By Lindsey Carter – Horizon News and Features Editor
What if you weren’t able to return home? To the place of your birth. The place where you grew up. The place where you experienced the most struggles and times of peace. The place where your family resides. What if you didn’t get to see them again?
Christmas day 2011, pastoral ministry student Ron Moyo’s life turned upside-down when his mother, Edith Dade Moyo, died of cancer. Moyo had much respect for his mother with whom he had a very strong connection.
“What I remember very profoundly about her was her love for us, her children, and other people,” Moyo said. “This enabled her to be patient with us and to do whatever was within her ability and beyond to make sure we got the roots and the wings so we could fly and fend for ourselves in life.”
The decline in Edith’s health came very suddenly. Three months prior to Edith’s passing, Moyo said her health was good. In fact, his parents anticipated a special day: Originally married with a simple marriage certificate, the two were planning a formal church wedding ceremony on Sept. 18.
“My mom and my dad decided they would have a wedding,” Moyo said. “Sounds funny… but they never had a white wedding.”
Soon after the ceremony, Moyo’s mother began getting headaches and dental pains. After removal of the tooth, her health “started spiraling down.”
In December, Edith made a trip to South Africa in order to meet with Moyo for the first time in seven years. Since Moyo was still unable to return to his home country in Zimbabwe due to political reasons, he and his mother met at his sibling’s home in South Africa.
“It still baffles my mind even to this day to think how my mom was able to endure a journey of about 18-20 hours on the bus to come and see me in her state,” Moyo said. “It was that in-built power in her that I think enabled her to come say goodbye.”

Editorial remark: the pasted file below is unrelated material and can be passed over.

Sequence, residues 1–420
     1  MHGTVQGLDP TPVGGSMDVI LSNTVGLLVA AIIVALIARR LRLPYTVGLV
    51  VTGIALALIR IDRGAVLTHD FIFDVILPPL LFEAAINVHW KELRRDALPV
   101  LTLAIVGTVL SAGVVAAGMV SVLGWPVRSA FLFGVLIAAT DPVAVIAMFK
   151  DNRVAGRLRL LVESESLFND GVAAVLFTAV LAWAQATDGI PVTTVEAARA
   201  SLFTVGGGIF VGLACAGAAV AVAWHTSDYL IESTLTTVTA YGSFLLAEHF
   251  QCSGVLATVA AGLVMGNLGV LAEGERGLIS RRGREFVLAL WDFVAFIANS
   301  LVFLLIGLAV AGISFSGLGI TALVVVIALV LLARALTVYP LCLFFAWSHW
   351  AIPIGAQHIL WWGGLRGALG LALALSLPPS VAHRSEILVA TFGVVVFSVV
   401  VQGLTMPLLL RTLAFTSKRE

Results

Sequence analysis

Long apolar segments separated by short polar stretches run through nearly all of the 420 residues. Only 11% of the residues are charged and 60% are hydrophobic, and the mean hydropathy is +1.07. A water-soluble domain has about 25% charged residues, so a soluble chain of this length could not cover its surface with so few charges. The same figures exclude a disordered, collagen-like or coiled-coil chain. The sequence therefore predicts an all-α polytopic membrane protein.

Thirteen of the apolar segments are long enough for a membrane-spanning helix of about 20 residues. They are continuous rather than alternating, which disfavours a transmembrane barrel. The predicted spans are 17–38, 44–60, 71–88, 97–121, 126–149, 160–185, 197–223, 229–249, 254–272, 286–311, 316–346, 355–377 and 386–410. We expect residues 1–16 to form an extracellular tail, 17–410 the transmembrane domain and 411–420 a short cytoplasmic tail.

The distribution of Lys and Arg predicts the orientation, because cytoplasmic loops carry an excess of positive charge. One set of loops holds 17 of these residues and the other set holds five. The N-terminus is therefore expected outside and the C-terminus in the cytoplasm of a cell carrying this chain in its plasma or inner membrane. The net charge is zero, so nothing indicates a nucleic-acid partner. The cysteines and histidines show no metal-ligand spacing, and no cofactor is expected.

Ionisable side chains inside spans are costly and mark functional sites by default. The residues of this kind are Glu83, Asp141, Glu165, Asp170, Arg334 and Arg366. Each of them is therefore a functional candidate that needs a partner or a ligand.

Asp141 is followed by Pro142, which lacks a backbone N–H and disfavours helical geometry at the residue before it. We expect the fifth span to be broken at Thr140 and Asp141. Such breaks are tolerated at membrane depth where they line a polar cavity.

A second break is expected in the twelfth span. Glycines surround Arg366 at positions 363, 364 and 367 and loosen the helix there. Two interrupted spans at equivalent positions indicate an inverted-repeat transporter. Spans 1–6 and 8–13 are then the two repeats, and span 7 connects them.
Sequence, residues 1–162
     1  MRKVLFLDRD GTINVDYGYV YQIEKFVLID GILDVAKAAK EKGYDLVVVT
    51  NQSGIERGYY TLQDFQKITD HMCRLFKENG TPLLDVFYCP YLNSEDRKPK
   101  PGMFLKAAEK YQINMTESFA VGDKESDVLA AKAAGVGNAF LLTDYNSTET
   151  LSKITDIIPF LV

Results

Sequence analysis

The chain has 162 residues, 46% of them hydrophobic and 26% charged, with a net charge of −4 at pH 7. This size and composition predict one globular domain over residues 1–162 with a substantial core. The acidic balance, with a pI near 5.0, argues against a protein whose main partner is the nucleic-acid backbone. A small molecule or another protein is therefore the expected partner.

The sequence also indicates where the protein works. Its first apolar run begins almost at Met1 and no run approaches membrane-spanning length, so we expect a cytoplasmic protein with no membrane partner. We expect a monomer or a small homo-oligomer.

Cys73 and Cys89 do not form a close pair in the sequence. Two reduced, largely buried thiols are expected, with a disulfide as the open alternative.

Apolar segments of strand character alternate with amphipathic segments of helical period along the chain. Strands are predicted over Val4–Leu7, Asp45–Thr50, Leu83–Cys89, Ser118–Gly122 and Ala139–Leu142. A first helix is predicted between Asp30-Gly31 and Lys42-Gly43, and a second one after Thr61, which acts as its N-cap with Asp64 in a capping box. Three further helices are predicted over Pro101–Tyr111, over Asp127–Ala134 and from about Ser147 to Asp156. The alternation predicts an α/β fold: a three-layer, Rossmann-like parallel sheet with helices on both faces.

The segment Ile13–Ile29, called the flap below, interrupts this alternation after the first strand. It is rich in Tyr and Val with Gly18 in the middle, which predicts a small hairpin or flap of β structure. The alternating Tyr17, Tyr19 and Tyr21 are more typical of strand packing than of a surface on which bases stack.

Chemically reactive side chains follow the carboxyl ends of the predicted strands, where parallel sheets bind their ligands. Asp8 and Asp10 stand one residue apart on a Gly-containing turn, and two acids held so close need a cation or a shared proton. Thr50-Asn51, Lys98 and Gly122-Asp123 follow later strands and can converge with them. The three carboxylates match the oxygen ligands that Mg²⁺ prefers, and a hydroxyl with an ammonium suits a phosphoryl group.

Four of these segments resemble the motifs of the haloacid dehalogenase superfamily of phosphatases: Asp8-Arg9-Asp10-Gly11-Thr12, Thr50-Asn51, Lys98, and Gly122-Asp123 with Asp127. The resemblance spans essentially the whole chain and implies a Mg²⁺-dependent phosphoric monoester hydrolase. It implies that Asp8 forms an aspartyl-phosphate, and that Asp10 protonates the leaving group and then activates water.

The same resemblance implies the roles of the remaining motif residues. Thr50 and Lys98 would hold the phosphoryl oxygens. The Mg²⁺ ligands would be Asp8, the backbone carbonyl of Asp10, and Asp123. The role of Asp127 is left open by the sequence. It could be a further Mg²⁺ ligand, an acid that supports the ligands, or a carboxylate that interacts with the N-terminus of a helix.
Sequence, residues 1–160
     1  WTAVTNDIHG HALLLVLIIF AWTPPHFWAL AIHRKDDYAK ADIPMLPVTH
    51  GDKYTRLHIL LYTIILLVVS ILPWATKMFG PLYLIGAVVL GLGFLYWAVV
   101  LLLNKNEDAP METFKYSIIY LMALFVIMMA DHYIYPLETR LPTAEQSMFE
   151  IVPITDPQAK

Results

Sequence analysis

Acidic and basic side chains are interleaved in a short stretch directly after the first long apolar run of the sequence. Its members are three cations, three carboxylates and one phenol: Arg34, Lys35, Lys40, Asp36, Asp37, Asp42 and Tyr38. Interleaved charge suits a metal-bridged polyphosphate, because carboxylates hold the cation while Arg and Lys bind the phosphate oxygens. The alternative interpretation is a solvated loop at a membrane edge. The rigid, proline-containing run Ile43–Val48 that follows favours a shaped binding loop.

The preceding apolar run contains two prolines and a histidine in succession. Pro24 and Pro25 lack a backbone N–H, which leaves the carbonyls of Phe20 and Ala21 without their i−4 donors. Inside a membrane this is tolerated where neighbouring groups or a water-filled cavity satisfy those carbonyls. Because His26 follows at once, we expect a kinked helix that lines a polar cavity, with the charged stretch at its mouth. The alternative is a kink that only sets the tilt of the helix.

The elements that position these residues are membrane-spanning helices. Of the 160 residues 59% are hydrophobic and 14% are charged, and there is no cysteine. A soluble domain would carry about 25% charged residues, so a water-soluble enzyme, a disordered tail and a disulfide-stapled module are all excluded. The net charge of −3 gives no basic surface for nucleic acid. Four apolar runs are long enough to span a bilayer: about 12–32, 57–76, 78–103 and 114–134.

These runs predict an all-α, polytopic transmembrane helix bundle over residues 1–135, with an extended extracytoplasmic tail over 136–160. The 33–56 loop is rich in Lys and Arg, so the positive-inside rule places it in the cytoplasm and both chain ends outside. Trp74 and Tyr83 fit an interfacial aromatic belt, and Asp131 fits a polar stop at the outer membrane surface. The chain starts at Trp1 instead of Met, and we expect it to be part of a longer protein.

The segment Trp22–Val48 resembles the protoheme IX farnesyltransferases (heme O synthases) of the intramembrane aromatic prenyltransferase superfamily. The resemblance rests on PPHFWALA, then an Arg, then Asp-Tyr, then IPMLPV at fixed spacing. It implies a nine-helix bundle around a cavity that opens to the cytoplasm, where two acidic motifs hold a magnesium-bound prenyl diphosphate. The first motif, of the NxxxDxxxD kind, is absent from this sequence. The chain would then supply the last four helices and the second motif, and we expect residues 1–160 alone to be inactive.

After seeing her first-born son, Edith only lived three more days before passing away on Christmas morning at the age of 67, but Moyo was not alone in his time of grieving nike air max pas cher.
“I got a lot of support and love from the community here,” Moyo said. “That makes a difference in one’s grieving process.”
The loss of his mother came on the heels of an already trying personal story. Moyo began his life in Zimbabwe, a place he describes as full of chaos. In 2006, as conditions in the Zimbabwean government worsened, Moyo left the country and his family to prepare a new home in the United States. He was then joined by his wife and kids in 2009. Moyo applied for and was granted political asylum, in which the United States allows Moyo to stay in the US until it is safe for him to return to Zimbabwe.
While Moyo says that Hesston has been an accepting place that has become like a second home to him, his heart remains in Zimbabwe.
“That vacuum, it can never be replaced, but the love that I’m getting here is good enough for me, to keep me going,” Moyo said.